Wedding Date: 10/04/2008

Posted: 8/4/2008 10:43:13 AM


Guest Sue from IL says...

My husband and I were invited to an old grade school friend of mines' daughters wedding. I have never met this girl, but her parents are wonderful people and it would hurt them if we didn't go. What kind of a gift do we bring for someone who doesn't even know us?

Wedding Date: 7/26

Posted: 7/25/2008 3:49:40 PM


Guest Lei Lydle, Editor from says...

Mimi,

$50 is the minimum amount you should spend for a wedding gift. Good luck!

Lei

Posted: 7/18/2008 12:53:04 PM


Guest MIMI from Southampton, NY says...

I have been invited to my co-workers son's wedding reception as he eloped and wanted to know what amount would be acceptible for a cash gift?

Wedding Date: July 12, 2008

Posted: 7/9/2008 3:26:00 PM


Guest Ann from Charleston, SC says...

Hi there, I am single, 26 years old, financially independent, and have not lived in my parents' house (or even the same state) for 8 years. For my younger cousin's wedding, I have not received an invitation for any showers or the wedding, but my name was on my parents' wedding invitation as if I lived at home. According to my grandmother, they were trying to save on invitation costs, but I am pretty offended by this, especially since my younger sister who has been married for a month got her own invitation. My question though, is do I have to bring a gift? Obviously, since I am not married, I am not considered an adult and would just add my name to my parents' gift, right? I don't want to be petty or act like the child they are implying that I am, but I am offended and don't want to go beyond what is socially appropriate.

Wedding Date: July 12

Posted: 7/7/2008 10:12:56 PM


Guest Elizabeth from San Antonio, TX says...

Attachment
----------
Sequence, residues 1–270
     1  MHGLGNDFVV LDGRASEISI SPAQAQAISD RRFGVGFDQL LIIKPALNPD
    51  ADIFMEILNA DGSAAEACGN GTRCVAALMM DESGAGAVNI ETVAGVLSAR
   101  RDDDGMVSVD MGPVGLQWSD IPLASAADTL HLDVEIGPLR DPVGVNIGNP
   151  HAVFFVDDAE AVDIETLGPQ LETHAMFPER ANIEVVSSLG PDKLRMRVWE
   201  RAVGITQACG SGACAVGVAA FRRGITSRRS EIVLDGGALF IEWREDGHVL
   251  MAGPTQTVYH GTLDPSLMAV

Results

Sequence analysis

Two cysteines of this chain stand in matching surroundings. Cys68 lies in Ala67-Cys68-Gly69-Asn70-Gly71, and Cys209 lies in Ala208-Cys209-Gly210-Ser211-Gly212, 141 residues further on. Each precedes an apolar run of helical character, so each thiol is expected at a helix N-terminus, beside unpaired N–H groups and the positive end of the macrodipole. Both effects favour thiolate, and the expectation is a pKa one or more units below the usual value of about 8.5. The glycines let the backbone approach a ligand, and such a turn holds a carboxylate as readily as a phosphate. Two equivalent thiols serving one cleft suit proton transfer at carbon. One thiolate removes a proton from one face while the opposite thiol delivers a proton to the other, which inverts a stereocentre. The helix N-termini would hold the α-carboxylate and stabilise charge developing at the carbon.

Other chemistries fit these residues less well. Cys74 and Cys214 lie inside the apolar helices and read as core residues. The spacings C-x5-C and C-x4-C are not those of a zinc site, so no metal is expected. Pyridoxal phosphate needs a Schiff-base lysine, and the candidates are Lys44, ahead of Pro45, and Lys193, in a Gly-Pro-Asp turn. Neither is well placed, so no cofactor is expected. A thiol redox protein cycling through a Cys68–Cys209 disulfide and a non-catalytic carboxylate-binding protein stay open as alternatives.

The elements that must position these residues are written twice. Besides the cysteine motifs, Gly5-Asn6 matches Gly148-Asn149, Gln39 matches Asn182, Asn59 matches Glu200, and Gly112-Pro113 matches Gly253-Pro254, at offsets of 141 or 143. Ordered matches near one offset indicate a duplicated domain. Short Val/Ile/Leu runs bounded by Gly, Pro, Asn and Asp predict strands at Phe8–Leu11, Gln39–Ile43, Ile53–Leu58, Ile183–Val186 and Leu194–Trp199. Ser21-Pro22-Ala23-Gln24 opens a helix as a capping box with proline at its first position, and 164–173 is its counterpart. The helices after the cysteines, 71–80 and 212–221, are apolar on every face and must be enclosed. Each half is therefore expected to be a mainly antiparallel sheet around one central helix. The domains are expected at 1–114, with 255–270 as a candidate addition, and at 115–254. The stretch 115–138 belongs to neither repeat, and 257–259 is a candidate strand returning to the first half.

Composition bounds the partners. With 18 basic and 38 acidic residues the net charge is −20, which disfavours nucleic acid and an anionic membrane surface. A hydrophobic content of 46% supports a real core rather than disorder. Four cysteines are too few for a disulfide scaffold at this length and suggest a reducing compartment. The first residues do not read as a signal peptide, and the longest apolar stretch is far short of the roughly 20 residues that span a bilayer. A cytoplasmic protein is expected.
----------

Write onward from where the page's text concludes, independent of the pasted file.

We recently got married and did not have an official wedding party. We still gave each of our closest friends "thank you" gifts and considered them to be our bridesmaids and groomsmen, just not stand up at the alter with us. As the bride, I had a shower and a bachelorette party. My friends attended both and gave gifts at both. Does this mean that they do not have to get us a wedding present because they gave us a shower gift? We did not recieve presents from our closest friends, and we are a bit confused as to why they felt no need to get us a gift.

Wedding Date: 5-10-09

Posted: 6/18/2008 5:03:23 PM


Guest Domenica from Jackson, NJ says...

I have been invited to wedding recently. It is one of my sister's very good friends. This is going to be a pretty fancy affair. My husband has concert tickets the same night, so I responded for just myself and I am going alone. Should I give the same gift that I would have given if he were coming with me? If he were coming with me, I would have given her $300. Is it sufficient for me to give her $200 instead?

Wedding Date: June 28

Posted: 6/5/2008 7:00:15 AM


Guest Lei Lydle, Editor from Atlanta, Georgia says...

Hi Kathy! Yes, this is a nice way of saying the couple prefers money rather than a gift. In general, as my article states above, no wedding invitation should make any mention of gifts, gift registries or the preference of money. But many brides are throwing traditional etiquette rules out the door and just doing their own thing. This is fine and I am all for couples creating the wedding of their dreams BUT when you decide to go against traditional wedding etiquette, guests and others involved in the wedding may not know what to do - as in this case.

So, you could do a couple of things:
  1. just bring money to the wedding in a card/envelope and hand it directly to the bride or groom, OR
  2. if you are not attending the wedding, you can send a check or money order by mail to the return address in the invitation and made out to the couple: Mr. and Mrs. John Smith
Hope this helps! ~Lei

Posted: 8/13/2007 3:42:29 PM


Guest Kathy from Granada Hills, CA says...

I have been invited to a wedding with no mention of a gift registry except an insert in the invitation saying "Please leave the choice of the gift to the bride & groom." Is this a request for money?If so, there was no envelope included or mention of bank account to send it to. What is the appropriate guest gift etiquette? Please advise.

Wedding Date: Aug. 18th

Posted: 7/8/2007 2:07:33 AM


Guest cn from wharton, nj says...

I am invited to a wedding in Atlantic City, New Jersey. The bride and groom are paying for a 3 hour reception. As guests, there are about 50 people coming, we are paying our own expenses for the hotel rooms for the weekend. What is the proper gift to give as far as money. Is it something that has to be given seeing as how we are paying to stay for their wedding.?

Wedding Date: 5/5/07

Posted: 4/2/2007 9:12:53 AM